There won't be any lions or tigers at this year's Tri-Cities Sportsmen Show, but there will be real bears.
The Great Bear Show is making its first appearance at the Pasco sportsmen show, which is Friday through Sunday at the Trade, Recreaction and Agricultural Center in Pasco.
The bear show was established in 1977 by Bob Steele, who guarantees the bears will be entertaining -- but not in a circus kind of way. He'll bring five bears, which will roam around in a large enclosure.
"During the presentation, people will receive educational information about North American bears, both in the wild and in captivity," he said. "And they'll learn how to survive in bear country when hiking or camping."
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Steele keeps five bears on his 200 acre ranch in Jefferson, Texas. About 40 acres of the ranch is a sanctuary where the bears, Jacki, Andy, Cindi, Buck and Brock, all live when not traveling around the country with Steele to various trade shows.
Brothers Jacki and Andy are 23 years old. Their parents, who are no longer living, were orphaned cubs when Steele took them in. Cindi is 14 and was another orphaned cub. Cindi's youngsters are Bucky and Brock, who will turn 6 on Feb. 1.
Though Steele admits he likes to hunt deer and elk and also enjoys fishing, bear hunting has never been an option.
"I grew up in the animal business where you can get quite attached to the animals," he said.
His great grandfather trained horses and his grandfather continued the tradition but also trained buffalo and elephants. Steele's father focused his animal involvement on all sorts of exotic beasts, mostly elephants, providing animals for Disney movies and circuses, even a Rolling Stones concert, Steele said.
"But I didn't want to go the circus route," he said. "I felt a need to do something else, like teach people how to better understand wild animals through education."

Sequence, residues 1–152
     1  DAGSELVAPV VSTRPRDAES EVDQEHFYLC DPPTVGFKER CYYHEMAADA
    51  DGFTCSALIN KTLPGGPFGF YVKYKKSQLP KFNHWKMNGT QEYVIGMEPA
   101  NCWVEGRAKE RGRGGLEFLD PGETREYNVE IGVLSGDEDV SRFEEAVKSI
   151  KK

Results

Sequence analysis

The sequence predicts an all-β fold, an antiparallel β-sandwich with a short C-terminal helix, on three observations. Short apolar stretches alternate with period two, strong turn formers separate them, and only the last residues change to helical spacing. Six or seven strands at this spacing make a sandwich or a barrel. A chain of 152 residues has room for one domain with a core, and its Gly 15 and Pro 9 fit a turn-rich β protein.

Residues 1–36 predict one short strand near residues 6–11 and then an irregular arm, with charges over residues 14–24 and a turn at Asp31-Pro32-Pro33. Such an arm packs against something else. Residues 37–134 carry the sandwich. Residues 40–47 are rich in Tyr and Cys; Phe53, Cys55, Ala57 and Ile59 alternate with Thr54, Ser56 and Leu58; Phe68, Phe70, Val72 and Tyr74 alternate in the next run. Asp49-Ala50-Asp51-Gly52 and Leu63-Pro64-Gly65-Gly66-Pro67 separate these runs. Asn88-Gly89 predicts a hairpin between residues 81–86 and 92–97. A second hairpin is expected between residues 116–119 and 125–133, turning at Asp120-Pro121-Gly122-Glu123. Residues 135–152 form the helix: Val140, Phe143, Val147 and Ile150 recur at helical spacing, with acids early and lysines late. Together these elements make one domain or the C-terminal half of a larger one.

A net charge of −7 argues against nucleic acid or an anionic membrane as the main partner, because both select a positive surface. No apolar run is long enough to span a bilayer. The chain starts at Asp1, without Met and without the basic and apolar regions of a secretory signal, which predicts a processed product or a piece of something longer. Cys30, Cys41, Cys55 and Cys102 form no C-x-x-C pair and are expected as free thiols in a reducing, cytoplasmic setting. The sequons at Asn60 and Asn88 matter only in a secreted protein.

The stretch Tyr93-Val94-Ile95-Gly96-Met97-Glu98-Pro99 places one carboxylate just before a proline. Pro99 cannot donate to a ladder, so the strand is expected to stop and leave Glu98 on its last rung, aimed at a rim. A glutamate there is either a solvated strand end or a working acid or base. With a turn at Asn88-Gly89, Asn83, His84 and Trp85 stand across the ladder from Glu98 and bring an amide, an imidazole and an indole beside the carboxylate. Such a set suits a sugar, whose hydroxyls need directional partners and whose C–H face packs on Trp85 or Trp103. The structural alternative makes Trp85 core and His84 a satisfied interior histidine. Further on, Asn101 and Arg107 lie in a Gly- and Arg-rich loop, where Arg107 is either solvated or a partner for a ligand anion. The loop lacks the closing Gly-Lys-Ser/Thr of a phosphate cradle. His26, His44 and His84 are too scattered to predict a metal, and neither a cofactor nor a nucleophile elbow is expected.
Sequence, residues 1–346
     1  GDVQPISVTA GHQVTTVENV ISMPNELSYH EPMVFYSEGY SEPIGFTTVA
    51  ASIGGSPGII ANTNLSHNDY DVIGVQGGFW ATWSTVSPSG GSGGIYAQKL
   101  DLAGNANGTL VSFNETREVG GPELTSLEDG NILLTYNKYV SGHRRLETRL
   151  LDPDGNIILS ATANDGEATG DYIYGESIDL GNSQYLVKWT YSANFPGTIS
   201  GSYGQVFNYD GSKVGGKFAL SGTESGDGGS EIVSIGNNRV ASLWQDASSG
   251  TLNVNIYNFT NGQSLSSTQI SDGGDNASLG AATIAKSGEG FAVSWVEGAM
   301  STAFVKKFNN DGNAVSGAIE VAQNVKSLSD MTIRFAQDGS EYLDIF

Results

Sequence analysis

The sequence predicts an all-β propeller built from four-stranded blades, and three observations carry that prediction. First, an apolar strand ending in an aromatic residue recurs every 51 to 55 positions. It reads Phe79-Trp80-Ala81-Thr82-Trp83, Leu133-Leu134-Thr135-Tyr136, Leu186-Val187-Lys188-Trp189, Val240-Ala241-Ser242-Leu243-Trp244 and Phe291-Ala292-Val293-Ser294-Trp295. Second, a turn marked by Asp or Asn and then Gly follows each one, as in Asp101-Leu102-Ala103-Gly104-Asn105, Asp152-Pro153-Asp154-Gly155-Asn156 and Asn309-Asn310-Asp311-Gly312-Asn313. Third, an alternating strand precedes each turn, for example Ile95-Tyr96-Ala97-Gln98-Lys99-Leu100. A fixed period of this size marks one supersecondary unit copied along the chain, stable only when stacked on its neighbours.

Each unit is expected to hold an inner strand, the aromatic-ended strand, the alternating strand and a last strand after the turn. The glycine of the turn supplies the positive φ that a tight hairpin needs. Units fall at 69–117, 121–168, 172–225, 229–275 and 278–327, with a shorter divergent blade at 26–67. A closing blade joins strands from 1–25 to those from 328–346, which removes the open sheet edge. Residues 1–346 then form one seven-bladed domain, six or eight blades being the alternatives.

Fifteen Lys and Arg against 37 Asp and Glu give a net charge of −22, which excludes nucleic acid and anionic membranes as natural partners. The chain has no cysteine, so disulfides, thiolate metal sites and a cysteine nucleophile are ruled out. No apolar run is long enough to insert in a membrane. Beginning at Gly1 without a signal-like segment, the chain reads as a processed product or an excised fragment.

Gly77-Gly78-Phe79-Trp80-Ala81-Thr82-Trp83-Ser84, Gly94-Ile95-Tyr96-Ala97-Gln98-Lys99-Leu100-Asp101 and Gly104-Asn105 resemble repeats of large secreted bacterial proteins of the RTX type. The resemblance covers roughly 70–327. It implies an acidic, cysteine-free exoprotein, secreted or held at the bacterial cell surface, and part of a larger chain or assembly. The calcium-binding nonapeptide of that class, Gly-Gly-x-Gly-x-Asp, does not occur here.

Now some might wonder why Steele would set up a bear habitat that addresses the need to protect bears at a sportsmen show. But Steele jokes there's a method to his madness.
"I am dead against killing bears because it's needless," he said. "The meat is stringy and greasy, and the hides are illegal. But I'm not so foolish as to give all my opinions about that at a sportsmen's show. Instead, I like to make it fun to learn about bears and preserving their future. Besides, there are still many responsible hunters out there who understand."
People will be able to view the bears up close, but safely because they'll be in an enclosure. Most of the bears in the show were obtained after they were orphaned by hunters who shot females who had cubs, he said.
And visitors to the show might find out some facts about bears they didn't know before -- like how smart bears are, how dedicated they are to tackling a problem, and how lovable they can be, Steele said.
"I don't think there's an animal alive that can equal a bear's perseverence," he said. "They will spend all day trying to turn over a huge boulder just so they can get the one grub worm underneath it."
"State Fish and Wildlife agencies have called me many times to help find homes for orphaned cubs," Steele said. "The cubs can't survive on their own and bears are the only wild animals that can't be introduced back into the wild once they've been handled by people. They're not afraid of humans anymore once we take care of them and that's when their lives in the wild are threatened."
-- Dori O'Neal: 582-1514; firstname.lastname@example.org